Energy efficiency inquiry gets new recommendations

Association for the Conservation of Energy

Association for the Conservation of EnergyThe Association for the Conservation of Energy (ACE) has called for ‘a stable and long-term framework’ to replace failing energy efficiency schemes alongside greater investment in its response to an inquiry being conducted by the Energy and Climate Change (ECC) Committee.

In light of the recent Green Deal closure, the scrapping of the Zero Carbon Homes policy and with the Energy Company Obligation (ECO) due to come to an end in March 2017, the ECC Committee is investigating what lessons can be learnt from these and previous energy efficiency schemes. Its findings will be used as part of the Committees scrutiny of energy efficiency policies over the course of this Parliament.

In its response, ACE says the issue with policies to date is that they have failed to support the development of a large-scale sustainable market for energy efficiency investments. Instead, they have ‘proved susceptible to decisions driven by short-term political priorities’, which ACE claims is one of the main reasons for the failures of recent Government policy.

It uses the Green Deal Home Improvement Fund (GDHIF) – brought in to provide a boost to the failing Green Deal scheme – as an example of this, claiming “its introduction was not planned for, it was very limited and very short term, and was cancelled without warning.” This structure reportedly led to “exaggerated peaks and troughs in demand” that caused problems for the companies attempting to benefit from the scheme.

Under the GDHIF, three releases totaling around £214m were released at irregular internals on a ‘first come first serve’ basis for homeowners applying to funding. This “stop-start programme” was described as “the last thing the energy efficiency industry needs” by Jenny Holland, head of ACE’s parliamentary team, back in December 2014 just after the second release of £24m, which effectively closed after just 30 hours.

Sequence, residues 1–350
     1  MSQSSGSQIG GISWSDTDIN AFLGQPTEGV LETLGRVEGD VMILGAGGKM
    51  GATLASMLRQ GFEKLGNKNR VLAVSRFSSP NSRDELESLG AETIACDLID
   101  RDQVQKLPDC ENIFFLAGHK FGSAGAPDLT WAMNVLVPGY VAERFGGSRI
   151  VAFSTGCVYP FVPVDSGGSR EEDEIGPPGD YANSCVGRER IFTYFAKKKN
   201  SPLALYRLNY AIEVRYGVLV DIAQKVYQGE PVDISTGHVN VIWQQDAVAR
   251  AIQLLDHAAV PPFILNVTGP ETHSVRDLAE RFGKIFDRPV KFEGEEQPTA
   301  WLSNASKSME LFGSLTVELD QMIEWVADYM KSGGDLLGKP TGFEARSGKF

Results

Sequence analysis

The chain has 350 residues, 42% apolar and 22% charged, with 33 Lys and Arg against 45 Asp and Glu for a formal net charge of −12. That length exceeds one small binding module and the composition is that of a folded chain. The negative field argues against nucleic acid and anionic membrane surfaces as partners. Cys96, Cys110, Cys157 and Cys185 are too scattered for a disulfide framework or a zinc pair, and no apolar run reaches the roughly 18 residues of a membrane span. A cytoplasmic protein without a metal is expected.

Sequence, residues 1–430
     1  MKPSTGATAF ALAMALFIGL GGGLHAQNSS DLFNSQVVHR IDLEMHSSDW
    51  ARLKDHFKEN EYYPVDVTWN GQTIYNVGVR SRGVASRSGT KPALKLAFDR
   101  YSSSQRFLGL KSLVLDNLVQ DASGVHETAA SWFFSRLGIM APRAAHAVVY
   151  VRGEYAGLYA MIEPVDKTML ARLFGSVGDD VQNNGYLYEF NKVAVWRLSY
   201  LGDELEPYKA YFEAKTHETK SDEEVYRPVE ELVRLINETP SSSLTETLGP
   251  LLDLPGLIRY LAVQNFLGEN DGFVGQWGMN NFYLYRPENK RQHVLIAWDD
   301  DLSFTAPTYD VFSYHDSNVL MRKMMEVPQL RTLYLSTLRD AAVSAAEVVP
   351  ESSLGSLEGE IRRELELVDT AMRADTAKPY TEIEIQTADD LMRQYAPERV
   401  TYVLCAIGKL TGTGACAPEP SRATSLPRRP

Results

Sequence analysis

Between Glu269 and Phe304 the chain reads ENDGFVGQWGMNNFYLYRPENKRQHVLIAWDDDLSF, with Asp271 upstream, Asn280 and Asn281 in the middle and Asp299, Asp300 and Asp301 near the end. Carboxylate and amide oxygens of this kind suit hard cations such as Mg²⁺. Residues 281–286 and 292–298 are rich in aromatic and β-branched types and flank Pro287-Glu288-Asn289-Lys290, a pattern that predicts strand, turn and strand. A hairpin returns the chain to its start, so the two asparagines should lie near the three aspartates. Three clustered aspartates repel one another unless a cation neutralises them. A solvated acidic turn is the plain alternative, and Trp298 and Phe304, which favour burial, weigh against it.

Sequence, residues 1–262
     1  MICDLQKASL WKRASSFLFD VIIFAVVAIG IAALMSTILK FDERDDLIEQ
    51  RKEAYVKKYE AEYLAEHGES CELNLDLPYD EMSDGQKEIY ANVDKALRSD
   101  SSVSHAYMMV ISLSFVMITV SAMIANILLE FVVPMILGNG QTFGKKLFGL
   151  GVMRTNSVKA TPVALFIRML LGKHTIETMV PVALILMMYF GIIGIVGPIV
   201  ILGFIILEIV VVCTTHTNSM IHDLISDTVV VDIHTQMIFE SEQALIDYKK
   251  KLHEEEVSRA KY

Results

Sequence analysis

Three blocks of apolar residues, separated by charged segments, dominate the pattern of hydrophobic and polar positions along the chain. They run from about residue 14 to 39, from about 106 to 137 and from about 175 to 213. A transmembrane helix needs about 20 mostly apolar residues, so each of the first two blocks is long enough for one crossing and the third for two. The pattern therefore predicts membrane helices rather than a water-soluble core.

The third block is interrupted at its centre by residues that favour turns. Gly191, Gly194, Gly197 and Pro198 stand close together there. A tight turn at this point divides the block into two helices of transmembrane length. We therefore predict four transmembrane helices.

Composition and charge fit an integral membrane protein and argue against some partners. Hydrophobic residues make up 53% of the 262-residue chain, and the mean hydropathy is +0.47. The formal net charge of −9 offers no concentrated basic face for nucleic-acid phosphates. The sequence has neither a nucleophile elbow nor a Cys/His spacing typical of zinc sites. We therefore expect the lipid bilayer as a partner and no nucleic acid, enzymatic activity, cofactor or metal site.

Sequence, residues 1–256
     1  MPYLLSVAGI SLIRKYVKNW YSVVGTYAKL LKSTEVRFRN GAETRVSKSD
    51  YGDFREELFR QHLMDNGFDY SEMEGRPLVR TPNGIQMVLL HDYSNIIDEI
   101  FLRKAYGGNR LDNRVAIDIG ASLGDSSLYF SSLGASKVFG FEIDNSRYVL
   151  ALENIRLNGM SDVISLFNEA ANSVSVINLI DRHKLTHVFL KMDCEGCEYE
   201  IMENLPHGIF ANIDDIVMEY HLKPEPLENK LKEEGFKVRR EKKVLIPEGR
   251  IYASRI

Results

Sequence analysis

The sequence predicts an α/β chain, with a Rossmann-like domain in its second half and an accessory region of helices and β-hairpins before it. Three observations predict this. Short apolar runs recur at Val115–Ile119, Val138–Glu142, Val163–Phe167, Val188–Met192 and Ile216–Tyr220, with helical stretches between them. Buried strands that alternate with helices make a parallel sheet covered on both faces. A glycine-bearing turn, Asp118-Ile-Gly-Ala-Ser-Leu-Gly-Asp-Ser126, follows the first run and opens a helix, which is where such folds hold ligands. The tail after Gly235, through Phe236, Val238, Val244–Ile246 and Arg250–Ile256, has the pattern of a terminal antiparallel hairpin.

ACE claims in its response to the EEC Committee that this approach meant businesses offering measures to consumers were unable to offer a clear picture of the cost of any package of work being agreed, leading to confusion and disillusionment amongst householders. It also damaged market confidence, with lower levels of investment than might have been attracted by a long-term policy approach.

Instead, ACE suggests the Government put in place long-term structural incentives for energy efficiency, such as stamp duty and / or council tax differentials, which would be linked to a long-term target for the energy efficiency of the housing stock, and to regulations where appropriate. It adds that regulatory approaches have repeatedly been shown to work, with Building Regulations for new build often leading to increased energy efficiency,

This approach would be radically different from the Green Deal model, which ACE says demonstrated that a finance mechanism alone is not enough to stimulate large-scale market demand for energy efficiency investments. The Government’s flagship green policy also failed due to the rigidity of the measures that could be financed and the long repayment terms. ACE suggests that homeowners should be able to invest in whichever measures they choose and repay over a time period that suits them.

ACE adds that greater flexibility in finance options would also enable the supply chain to market measures on the basis of benefits they provide, rather than focusing on energy bill savings which the Green Deal showed was not enough to drive demand.

This suggestion echoes a recent report on the Green Deal which said: “To effectively engage consumers in improving the energy efficiency of their homes, we need to focus on what consumers actually want,” namely comfort, well-being and health.

Regarding the ECO scheme, which has been cut considerably in recent years before ending in March next year, ACE claims any new supplier obligation scheme would need to be set within the context of a long-term policy framework for low carbon housing, including finance, structural tax incentives and regulation. It should also ‘deliver and employ individual home retrofit roadmaps to make staged deep retrofit a reality’; include the installation of any Green Deal approved measures; and deliver a solid wall insulation programme concentrating on houses and guided by quality installation.

To read ACE’s response in full, click here.

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